The World’s First Computer Programmer

Ada, Countess of Lovelace, 1839, engraving by William Henry Mote, after Alfred Edward Chalon (By permission of the National Portrait Gallery)

Ada, Countess of Lovelace, 1839, engraving by William Henry Mote,
after Alfred Edward Chalon
(By permission of the National Portrait Gallery)

Ada Lovelace is recognised as the world’s first computer scientist. She was an English mathematician, famous for writing a description of Charles Babbage’s early mechanical general-purpose computer the Analytical Engine.

She was the first to recognise that the machine had uses beyond pure calculation, creating the first algorithm intended to be carried out by such a machine that Babbage had not yet even invented. As such she is regarded as the first to recognise the full potential of a ‘computing machine’ and the first computer programmer.

Ada Lovelace lived at Sandown House in Esher from 1841 with her husband William King-Noel, Earl of Lovelace. Ada’s mother also lived nearby at Moore Place.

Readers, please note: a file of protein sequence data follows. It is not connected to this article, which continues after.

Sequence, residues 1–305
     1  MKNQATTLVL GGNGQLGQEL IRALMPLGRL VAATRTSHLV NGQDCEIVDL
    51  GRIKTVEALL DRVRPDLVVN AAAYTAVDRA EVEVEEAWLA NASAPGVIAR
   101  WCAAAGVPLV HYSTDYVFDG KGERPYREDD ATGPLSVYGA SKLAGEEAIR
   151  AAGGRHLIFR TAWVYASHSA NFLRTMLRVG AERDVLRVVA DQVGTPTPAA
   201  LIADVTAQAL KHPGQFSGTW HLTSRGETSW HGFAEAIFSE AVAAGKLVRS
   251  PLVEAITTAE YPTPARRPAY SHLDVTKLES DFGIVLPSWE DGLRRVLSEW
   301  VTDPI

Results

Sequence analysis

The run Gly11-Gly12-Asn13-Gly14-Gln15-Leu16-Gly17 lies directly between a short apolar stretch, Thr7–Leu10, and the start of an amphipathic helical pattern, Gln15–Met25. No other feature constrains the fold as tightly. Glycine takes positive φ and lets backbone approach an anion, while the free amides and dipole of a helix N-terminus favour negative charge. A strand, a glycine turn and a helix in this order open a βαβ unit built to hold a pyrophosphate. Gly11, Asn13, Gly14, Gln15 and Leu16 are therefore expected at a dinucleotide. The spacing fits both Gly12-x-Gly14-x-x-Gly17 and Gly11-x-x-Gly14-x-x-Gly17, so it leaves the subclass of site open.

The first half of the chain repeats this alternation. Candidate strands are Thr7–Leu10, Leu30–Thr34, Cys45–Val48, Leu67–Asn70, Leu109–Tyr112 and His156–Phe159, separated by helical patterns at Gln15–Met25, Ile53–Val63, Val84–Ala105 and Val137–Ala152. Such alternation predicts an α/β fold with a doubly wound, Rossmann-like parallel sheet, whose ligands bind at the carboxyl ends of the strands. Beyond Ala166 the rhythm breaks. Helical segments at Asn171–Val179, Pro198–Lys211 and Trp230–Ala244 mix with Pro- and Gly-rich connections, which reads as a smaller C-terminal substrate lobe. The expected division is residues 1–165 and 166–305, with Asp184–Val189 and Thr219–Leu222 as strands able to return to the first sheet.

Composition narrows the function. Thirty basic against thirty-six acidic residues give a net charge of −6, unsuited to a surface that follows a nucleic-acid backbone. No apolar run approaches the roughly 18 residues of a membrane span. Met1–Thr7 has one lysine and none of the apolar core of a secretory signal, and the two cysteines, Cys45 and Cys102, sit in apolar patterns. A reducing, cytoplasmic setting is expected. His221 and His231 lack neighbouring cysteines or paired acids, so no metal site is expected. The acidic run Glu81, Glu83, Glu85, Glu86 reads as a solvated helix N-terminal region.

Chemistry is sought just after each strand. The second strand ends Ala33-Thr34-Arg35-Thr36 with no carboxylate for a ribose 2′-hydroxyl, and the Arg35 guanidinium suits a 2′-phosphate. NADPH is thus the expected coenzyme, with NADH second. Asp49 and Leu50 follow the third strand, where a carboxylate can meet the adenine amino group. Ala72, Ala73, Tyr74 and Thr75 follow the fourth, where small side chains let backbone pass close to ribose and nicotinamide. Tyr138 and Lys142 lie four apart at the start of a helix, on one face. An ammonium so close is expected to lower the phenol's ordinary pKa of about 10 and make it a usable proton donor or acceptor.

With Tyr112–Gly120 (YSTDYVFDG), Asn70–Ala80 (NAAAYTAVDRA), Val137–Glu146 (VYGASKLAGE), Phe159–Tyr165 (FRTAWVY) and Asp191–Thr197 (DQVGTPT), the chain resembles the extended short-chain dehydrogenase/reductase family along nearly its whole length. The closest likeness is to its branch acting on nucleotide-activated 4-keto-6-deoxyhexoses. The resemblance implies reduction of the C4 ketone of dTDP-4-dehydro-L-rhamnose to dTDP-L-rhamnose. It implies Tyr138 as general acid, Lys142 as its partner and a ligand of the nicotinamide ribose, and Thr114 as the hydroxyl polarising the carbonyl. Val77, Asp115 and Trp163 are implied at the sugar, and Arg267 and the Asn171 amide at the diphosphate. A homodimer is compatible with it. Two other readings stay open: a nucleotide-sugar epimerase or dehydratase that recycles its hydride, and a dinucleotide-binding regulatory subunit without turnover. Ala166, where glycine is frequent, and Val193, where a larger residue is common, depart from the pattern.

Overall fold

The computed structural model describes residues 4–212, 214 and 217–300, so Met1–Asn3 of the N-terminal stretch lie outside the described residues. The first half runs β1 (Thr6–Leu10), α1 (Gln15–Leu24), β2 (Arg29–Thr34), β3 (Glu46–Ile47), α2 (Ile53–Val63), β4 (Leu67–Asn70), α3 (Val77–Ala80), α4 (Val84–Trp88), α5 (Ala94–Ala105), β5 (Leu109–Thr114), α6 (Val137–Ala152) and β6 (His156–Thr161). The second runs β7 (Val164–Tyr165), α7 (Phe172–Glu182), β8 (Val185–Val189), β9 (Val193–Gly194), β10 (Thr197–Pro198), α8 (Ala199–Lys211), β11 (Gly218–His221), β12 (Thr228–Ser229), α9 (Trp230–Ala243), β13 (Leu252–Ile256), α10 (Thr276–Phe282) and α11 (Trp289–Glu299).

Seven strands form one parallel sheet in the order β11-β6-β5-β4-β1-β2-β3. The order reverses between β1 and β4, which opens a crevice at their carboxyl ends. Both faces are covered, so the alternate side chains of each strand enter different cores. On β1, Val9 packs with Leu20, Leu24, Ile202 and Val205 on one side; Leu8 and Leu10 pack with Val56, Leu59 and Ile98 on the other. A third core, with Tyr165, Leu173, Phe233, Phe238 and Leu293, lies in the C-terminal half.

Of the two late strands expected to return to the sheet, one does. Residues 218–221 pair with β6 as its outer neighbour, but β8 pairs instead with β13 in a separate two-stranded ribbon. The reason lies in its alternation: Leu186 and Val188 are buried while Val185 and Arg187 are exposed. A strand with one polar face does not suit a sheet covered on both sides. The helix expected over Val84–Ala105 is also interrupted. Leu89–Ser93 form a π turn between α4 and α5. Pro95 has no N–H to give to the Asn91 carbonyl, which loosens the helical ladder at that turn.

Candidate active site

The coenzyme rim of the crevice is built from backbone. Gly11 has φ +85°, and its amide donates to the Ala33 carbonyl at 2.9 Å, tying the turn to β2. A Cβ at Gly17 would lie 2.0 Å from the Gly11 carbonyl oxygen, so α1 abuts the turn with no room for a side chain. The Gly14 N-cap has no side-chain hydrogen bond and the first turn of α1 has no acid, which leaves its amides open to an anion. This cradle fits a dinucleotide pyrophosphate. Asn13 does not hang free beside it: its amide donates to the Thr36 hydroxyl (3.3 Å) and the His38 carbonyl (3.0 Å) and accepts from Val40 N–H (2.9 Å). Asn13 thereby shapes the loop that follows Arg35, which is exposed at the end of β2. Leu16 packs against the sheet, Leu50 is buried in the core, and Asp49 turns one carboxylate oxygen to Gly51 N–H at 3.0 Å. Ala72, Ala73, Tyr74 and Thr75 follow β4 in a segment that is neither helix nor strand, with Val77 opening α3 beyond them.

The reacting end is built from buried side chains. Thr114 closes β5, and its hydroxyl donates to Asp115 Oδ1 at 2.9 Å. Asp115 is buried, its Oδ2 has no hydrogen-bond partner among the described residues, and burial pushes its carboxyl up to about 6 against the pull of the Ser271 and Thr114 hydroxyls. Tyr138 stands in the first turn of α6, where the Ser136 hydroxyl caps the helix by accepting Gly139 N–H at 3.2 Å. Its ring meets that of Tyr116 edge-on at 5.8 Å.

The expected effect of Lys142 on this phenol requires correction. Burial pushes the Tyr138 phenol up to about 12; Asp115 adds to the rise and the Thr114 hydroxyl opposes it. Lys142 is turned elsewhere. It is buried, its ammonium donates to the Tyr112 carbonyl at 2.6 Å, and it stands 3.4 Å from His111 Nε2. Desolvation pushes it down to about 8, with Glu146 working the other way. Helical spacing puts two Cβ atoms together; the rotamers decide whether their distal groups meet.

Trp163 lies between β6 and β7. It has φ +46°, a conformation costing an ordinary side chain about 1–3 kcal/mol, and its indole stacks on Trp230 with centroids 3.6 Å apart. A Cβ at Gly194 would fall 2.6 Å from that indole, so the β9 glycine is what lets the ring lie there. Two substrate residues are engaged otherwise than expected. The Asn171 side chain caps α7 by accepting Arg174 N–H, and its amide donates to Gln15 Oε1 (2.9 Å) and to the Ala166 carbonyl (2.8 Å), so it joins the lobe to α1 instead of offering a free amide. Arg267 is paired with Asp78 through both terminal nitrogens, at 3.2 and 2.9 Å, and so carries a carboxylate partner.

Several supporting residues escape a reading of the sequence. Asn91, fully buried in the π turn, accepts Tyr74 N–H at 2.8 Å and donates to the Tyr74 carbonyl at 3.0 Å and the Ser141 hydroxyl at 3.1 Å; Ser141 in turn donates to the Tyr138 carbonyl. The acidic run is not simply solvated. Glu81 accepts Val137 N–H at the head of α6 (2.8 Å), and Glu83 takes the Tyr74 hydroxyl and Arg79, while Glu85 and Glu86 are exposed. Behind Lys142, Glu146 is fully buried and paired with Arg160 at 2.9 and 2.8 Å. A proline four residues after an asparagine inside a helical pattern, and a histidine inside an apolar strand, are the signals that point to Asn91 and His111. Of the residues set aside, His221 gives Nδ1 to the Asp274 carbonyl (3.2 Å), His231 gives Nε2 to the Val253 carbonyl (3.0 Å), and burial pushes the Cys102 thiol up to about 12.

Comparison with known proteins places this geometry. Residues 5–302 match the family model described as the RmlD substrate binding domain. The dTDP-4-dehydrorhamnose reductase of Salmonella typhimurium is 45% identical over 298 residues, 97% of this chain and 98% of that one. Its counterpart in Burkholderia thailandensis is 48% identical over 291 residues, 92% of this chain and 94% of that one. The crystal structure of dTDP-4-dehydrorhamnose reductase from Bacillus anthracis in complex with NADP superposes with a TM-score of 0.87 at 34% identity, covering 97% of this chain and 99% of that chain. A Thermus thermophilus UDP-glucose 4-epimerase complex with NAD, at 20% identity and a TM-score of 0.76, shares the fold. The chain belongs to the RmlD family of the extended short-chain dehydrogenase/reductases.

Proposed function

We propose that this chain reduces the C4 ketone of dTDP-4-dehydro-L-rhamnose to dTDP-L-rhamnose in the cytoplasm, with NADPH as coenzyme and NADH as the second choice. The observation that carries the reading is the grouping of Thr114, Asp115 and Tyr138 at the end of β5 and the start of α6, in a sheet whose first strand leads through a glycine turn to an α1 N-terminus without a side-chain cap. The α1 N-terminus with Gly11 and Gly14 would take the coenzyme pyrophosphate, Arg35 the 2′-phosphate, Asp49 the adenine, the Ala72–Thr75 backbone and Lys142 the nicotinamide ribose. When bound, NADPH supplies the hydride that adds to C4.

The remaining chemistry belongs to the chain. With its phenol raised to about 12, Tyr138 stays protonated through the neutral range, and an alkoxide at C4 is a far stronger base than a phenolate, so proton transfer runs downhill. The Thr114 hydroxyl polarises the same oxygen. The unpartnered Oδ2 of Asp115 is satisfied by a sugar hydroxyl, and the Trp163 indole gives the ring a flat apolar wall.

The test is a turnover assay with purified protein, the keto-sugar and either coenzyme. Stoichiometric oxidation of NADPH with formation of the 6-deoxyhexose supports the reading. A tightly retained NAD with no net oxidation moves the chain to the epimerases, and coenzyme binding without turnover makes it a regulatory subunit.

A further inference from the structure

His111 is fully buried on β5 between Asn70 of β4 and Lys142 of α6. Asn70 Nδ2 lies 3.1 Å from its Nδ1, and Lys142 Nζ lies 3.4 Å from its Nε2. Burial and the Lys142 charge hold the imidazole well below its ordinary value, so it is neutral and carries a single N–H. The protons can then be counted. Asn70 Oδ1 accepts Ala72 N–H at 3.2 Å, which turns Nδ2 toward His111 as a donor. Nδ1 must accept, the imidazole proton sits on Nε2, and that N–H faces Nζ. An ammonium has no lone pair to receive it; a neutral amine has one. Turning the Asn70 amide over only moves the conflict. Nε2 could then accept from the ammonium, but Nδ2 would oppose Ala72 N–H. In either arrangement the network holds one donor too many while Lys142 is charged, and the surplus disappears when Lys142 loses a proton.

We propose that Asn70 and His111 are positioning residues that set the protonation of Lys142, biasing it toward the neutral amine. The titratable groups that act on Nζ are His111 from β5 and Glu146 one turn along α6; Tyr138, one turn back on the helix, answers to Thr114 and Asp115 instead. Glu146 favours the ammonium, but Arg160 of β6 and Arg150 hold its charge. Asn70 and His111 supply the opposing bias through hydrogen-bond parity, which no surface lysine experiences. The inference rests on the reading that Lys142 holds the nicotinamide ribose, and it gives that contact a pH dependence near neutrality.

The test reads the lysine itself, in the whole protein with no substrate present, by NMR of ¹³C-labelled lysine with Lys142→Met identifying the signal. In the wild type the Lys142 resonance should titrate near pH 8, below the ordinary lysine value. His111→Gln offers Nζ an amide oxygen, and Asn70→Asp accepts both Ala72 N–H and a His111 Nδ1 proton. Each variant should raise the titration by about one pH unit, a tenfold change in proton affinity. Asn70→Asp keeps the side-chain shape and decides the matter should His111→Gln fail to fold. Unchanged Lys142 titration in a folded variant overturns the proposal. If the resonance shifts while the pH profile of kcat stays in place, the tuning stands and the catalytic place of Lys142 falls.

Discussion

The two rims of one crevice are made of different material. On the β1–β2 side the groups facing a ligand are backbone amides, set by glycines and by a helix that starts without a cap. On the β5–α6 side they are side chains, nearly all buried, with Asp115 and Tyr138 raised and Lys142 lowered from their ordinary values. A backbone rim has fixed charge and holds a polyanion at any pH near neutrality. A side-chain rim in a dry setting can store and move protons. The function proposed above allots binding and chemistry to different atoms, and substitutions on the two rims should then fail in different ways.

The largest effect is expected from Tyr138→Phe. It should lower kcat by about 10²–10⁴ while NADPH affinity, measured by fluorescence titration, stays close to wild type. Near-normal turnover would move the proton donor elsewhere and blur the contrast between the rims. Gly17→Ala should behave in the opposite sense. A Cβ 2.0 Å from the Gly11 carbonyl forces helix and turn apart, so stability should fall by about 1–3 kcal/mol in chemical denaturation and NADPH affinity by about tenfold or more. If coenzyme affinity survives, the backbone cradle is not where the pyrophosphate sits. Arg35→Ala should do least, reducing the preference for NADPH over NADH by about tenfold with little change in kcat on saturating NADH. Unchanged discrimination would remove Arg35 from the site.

Ada died of uterine cancer aged 37, and at her own request was buried next to her father, Lord Byron, in the family vault at Newstead Abbey, Hucknall Torknard, near Nottingham.

Ada Lovelace is just one of the talented Surrey Women featured in Surrey Museums Month 2017. To find out more about the event and other celebrated Surrey Women click here.

Extract courtesy of Elmbridge Museum.

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